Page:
Q: I got some milk kefir grains a few days ago and was told to put some milk in them. I did just that and place the jar in the fridge. After a week, nothing seems to be happening. Am I doing something wrong? Have I killed my grains?
A: One of our readers had the same problem and did this instead. She drained the grains and put new milk, and left the jar in the counter for a day. She repeated this process for another day, leaving the container in the counter. She was able to have a delicious milk kefir after that, experimenting on other kinds of milk as well. Doing this will make sure that your grains will continue to thrive.
Q: How do I get that stringy effect back in my milk kefir?
A: Use whole milk for about two weeks. You can also use goat’s milk. This will make it stringy and slimy.
Q: Can I use soy/soya milk to make my milk kefir?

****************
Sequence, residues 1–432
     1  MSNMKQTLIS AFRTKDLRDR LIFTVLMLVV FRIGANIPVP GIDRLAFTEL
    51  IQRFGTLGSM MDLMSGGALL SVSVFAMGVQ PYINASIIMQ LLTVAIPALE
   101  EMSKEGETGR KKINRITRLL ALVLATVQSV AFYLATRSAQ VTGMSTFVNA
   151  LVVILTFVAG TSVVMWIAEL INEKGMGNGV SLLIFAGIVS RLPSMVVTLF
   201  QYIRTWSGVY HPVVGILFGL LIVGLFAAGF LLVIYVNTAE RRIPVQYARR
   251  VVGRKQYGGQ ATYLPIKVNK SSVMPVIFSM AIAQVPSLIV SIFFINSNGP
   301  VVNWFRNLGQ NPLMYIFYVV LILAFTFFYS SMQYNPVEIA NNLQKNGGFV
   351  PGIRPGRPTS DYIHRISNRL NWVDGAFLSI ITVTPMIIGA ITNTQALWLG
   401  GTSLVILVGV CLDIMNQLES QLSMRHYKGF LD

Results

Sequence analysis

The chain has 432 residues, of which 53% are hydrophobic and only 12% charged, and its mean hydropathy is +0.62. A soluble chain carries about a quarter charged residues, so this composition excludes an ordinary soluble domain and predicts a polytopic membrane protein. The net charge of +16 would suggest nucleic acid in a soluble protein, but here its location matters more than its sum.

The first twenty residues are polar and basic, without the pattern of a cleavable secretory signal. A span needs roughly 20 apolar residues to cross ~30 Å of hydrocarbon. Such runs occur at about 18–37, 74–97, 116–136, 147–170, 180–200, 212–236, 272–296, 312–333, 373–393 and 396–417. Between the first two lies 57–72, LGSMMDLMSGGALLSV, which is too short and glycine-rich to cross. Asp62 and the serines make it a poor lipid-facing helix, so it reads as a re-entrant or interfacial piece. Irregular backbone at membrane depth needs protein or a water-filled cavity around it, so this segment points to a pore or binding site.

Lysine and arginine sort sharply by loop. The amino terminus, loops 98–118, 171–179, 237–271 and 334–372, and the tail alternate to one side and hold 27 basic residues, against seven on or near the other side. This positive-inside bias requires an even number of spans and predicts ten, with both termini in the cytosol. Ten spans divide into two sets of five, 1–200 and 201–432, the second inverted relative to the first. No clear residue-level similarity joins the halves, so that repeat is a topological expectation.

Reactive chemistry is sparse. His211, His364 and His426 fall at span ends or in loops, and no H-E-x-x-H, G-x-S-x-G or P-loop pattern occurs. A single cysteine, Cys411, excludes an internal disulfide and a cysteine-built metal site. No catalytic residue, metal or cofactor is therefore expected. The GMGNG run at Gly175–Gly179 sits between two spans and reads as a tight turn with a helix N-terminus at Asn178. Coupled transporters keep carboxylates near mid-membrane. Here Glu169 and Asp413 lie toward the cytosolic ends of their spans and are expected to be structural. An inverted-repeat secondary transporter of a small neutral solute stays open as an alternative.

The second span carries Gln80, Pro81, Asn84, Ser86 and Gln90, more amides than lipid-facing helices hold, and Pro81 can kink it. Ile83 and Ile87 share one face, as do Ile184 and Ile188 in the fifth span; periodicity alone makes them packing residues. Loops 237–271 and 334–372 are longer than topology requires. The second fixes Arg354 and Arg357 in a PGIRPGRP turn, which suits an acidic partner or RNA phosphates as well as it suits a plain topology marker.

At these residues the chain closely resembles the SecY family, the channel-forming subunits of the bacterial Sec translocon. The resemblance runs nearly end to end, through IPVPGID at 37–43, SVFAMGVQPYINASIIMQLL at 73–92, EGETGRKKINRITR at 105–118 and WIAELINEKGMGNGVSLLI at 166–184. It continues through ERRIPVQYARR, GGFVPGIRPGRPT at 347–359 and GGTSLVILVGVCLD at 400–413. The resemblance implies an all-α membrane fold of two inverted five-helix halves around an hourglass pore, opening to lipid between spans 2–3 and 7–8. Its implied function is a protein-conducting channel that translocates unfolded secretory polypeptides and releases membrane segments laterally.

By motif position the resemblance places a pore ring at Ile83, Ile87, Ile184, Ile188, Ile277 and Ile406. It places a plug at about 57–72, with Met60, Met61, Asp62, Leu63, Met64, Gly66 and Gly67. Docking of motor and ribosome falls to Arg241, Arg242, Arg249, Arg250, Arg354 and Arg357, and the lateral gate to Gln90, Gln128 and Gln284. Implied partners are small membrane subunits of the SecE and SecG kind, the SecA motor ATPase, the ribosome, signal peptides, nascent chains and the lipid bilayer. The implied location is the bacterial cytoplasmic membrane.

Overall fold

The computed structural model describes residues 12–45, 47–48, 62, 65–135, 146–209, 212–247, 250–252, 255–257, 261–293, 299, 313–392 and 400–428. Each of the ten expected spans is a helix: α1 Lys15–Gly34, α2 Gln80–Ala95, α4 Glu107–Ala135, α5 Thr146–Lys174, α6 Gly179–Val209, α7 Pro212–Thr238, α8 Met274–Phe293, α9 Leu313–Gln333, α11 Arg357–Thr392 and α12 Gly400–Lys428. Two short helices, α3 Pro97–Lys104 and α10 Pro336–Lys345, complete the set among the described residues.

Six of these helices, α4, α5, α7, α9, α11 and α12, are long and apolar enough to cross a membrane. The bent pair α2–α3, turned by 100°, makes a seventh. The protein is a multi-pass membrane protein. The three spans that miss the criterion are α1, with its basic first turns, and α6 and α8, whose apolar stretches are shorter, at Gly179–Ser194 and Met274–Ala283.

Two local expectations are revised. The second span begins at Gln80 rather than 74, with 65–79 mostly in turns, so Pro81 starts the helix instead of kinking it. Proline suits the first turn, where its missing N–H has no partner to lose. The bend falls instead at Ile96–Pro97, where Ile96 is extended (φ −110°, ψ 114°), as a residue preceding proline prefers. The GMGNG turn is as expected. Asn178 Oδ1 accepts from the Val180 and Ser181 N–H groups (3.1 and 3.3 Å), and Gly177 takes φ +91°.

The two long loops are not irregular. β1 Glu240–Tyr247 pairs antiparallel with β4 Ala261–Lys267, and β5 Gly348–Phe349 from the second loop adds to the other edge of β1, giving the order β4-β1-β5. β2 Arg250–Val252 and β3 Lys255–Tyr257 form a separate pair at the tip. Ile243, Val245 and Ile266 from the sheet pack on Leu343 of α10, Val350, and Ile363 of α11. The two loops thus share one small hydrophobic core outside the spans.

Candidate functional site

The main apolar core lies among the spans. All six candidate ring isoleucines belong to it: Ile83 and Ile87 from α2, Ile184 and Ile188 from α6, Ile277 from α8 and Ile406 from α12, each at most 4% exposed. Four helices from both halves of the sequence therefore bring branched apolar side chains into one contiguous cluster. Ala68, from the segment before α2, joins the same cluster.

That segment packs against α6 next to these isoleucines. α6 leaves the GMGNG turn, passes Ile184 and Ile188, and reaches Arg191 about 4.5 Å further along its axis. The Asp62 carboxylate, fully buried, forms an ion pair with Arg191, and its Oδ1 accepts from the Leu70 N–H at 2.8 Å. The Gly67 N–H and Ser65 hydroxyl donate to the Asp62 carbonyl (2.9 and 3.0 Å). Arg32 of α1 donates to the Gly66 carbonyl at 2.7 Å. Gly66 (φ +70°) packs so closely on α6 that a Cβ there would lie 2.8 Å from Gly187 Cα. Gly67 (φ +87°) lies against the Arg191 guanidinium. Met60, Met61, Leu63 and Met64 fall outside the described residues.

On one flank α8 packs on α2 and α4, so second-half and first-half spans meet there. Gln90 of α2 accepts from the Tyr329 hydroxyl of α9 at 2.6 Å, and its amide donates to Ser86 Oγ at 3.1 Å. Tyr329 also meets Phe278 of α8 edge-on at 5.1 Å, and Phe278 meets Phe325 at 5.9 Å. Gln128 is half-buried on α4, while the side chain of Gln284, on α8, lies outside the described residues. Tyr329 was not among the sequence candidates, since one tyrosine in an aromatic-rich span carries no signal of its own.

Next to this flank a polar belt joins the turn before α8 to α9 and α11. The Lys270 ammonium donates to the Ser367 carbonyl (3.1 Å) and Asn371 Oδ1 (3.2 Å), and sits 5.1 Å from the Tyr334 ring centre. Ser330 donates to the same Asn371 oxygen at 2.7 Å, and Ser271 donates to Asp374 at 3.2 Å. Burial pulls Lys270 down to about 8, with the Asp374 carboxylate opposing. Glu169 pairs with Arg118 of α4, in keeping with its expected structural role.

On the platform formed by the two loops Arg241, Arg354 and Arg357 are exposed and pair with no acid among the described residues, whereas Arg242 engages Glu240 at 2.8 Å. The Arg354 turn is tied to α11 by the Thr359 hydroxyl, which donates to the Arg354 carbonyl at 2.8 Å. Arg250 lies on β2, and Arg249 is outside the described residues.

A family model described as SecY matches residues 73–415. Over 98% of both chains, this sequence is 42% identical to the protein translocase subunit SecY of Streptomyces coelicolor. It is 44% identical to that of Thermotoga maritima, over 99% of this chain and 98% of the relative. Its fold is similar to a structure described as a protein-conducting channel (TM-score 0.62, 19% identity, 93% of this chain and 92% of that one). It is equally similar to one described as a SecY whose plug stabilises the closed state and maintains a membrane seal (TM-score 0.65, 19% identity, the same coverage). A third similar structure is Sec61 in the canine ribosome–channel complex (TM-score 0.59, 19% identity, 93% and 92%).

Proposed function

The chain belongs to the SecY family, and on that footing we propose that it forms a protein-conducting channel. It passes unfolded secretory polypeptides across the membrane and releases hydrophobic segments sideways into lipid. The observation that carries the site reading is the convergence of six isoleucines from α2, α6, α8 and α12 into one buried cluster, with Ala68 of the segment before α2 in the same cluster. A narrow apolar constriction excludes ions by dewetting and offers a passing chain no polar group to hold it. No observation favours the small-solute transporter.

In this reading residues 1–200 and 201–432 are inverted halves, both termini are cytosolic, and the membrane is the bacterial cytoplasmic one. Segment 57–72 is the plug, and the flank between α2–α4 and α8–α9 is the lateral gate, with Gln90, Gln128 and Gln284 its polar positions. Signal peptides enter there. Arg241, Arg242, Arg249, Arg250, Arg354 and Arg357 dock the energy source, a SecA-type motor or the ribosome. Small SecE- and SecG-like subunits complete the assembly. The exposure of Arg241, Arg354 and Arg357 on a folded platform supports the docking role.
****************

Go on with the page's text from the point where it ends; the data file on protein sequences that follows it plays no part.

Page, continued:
A: I haven’t tried using soy milk to make milk kefir because according to my good friend MP, from whom I got my first grains, research shows that 90-99% of soy is GMO or genetically modified.
It may not be a good idea to put all your grains in soy milk. You can experiment, of course, but make sure that you still leave a few of your grains growing in raw milk.
Q: I completely forgot to drink my kefir. It has been strained and left on the counter for 10 hours now. It has separated completely. Is it still safe to drink or consume?
A: It is still safe to drink. Your kefir drink will have become too sour, though, so if you can’t take the taste, you can toss it out and make a new batch.
Q: Can I heat up my milk kefir? I want to top my pasta dishes with some milk kefir by warming them up in a bowl over hot water.
A: Yes, you can heat up your kefir. Heating them up will not completely destroy all the good bacteria.